WIN works to build network for female engineer students
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Microsoft recently conducted a study that found young girls in Europe become interested in STEM subjects (Science, Technology, Engineering and Math) around age 11, but if the interest is not fully ignited in the ensuing four years, by age 15 their interest dies.
The study says a lack of role models play a part in this loss of interest.
“Role models play a big role, not just as a mentor, but role models play the part in the mentality of an individual thinking ‘oh that person did it so I can too,’” said Patricia Nava, professor and associate dean of engineering.
Nava is one of the pioneers of support organizations for women engineers at UTEP. She’s now the director of UTEP’s WIN, (Women In eNgineering). As a teaching assistant, Nava wanted to help female students in engineering. One of the reasons she was promoted to director was to help foster female engineers.
WIN is comprised of three organizations. WEST (Women’s Engineering Support Team), a venue of support for all female engineering department faculty, WIPP (Women Engineers in Professional Practice) and WINgineers, an organization for female students.
Last semester, WIN began hosting WINning Wednesdays, monthly interactive lectures conducted by female faculty and local female engineers in the industry, where items such as inclusion, anxiety and how to deal with emotions in a male-dominated field are discussed.
Nava said 20 percent of UTEP’s engineering students are female. This statistic has remained consistent for approximately 20 years. The percentage matches the average female engineer student enrollment nationwide.
“The only thing that made a big change was 40 years ago, when there was a lot of financial investment in trying to increase the number of women. That, of course, has now jumped off the radar completely,” Nava said.
Junior electrical engineering major Monserrat Salas chose to pursue electrical engineering because she always heard it was the hardest engineering concentration.
“I like challenges because I believe they train your brain and body to be better. Eventually, I ended up loving it,” Salas said.
Salas is starting to get involved with WIN and enjoyed the last lecture on March 1. She said she thinks it’s important to network with new people and you never know when they might need you or you might need them.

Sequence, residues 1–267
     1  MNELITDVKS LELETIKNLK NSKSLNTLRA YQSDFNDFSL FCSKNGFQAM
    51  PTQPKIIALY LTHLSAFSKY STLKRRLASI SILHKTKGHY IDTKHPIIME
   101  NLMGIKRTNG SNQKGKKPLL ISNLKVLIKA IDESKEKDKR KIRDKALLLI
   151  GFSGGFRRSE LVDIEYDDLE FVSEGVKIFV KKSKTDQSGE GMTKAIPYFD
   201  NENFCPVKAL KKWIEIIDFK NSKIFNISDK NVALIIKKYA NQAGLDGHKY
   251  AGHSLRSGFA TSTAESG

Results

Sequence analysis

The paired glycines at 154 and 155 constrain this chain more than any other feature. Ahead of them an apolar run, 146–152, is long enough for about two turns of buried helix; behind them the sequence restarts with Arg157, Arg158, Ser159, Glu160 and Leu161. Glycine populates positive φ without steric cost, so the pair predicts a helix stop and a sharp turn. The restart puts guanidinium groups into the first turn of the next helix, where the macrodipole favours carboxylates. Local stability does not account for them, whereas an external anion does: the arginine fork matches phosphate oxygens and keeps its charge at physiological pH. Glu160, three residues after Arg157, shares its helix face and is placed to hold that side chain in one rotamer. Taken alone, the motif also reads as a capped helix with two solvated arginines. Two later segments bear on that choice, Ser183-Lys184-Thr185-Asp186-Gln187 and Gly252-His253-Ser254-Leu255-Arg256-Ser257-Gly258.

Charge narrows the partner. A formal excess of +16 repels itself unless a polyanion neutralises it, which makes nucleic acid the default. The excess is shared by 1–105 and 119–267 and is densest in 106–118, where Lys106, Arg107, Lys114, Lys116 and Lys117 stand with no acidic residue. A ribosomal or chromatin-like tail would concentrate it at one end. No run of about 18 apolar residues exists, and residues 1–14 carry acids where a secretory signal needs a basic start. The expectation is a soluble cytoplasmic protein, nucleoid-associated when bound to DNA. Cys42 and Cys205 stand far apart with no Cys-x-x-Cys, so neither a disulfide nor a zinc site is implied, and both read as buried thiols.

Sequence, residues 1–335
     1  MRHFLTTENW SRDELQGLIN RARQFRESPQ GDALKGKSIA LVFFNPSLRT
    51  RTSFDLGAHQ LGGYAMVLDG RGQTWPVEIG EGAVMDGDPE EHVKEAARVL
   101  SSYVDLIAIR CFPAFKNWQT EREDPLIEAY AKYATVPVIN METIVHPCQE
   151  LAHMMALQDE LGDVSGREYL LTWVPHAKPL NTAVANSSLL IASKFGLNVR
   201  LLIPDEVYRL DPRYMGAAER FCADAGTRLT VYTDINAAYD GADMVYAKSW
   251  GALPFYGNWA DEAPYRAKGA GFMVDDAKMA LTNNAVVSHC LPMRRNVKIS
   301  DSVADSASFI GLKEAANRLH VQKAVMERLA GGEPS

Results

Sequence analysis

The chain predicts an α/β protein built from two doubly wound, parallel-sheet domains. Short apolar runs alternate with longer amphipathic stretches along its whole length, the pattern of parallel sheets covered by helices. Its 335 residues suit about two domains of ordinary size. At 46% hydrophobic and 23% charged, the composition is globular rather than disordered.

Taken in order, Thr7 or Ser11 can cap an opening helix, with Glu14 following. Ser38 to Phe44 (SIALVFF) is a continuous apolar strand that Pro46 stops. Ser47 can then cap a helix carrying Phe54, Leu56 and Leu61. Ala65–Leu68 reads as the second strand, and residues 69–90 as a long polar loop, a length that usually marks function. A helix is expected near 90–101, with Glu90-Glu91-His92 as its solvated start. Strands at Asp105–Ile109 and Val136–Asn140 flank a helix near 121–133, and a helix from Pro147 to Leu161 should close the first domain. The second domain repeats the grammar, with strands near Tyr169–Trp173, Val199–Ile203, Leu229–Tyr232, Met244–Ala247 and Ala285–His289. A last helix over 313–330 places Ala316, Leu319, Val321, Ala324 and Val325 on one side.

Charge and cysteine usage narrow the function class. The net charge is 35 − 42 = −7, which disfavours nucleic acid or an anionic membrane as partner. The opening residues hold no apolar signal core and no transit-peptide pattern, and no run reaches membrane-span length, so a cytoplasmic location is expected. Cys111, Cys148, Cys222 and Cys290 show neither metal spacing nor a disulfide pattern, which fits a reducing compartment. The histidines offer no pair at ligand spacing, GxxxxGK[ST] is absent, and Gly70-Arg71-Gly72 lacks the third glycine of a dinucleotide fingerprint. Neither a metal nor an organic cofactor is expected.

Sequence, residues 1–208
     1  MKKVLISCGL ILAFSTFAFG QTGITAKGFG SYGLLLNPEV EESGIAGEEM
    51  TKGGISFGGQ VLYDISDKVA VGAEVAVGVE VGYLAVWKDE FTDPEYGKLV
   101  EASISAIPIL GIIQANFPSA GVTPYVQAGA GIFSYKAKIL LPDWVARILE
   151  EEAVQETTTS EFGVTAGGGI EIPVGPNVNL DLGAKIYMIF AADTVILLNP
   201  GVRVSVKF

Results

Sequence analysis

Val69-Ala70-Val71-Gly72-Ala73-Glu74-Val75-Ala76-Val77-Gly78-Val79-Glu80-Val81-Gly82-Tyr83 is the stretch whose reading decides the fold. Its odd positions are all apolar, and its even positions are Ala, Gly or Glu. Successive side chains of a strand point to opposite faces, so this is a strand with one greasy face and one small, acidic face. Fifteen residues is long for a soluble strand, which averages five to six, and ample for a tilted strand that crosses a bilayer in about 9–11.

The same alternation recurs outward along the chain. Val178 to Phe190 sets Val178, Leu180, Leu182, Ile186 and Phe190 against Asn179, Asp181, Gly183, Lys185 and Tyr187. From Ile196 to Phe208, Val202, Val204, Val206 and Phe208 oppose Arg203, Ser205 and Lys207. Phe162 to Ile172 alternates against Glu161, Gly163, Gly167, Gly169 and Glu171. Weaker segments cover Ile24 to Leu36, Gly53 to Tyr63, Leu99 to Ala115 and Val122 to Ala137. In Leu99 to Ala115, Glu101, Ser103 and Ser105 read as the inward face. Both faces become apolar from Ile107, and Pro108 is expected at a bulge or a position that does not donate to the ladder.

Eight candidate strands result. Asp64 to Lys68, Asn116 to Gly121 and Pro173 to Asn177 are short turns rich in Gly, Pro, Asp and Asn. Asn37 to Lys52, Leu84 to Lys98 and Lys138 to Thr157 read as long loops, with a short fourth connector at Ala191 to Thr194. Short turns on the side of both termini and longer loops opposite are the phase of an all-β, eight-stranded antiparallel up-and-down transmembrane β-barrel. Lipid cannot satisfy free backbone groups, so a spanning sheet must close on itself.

“It’s also important for me to join in order to meet other female students and to support each other, having only male friends can be awkward at times,” Salas said jokingly.
Senior mechanical engineering major Jocelyn Torres also chose to major in engineering because she knew she’d like the challenge.
“I’ve gotten used to the difference of men to women ratio and it doesn’t bother me. In fact, it makes me gain more confidence to prove that a woman is capable of putting ideas on the table and handling the job,” Torres said.
Miroslava Barua, WIN graduate student assistant director, plays an active role in setting up the lectures and services for WIN. She says it would be foolish for women to not prepare for certain situations in the workplace when they may deal with emotions differently.
One of the main benefits Nava and Barua have seen come out of WIN has been validating students’ fears as being more common than they think.
“Not just in engineering, in all higher education fields and it’s not restricted to women either. It’s called the imposter syndrome, where they think they’re the only ones that don’t belong or feel like they’re here, but someone is going to find out they shouldn’t be,” Nava said.
Nava says it’s not uncommon for females, even in her department, to experience discrimination working with so many males.
“Everyone has a handful of stories–how they’ve run into this head on. We had one (female) faculty member who was being treated differently and being overloaded,” Salas said. “We gave her words to use and words to stay away from and she came back to report that she had a very good exchange after being worried about the backlash. I felt that was a real win in our column on being able to provide advice.”
Although Nava said that she hopes students don’t have to go through this, she wants to provide students with tools to communicate before it can become an issue.
“I strongly believe that it is not my gender that will make me successful in engineering. It is rather the effort I put into it and my ability to problem solve,” Salas said. “It is not only guys that are smart.”
Currently, WIN is looking into starting up an executive council of students. They want to have a student representative from each engineering department that will serve as a board member for WIN.
“Our absolute goal is to empower and engage students and we’re moving toward a more distributive leadership so we can also empower them,” Nava said.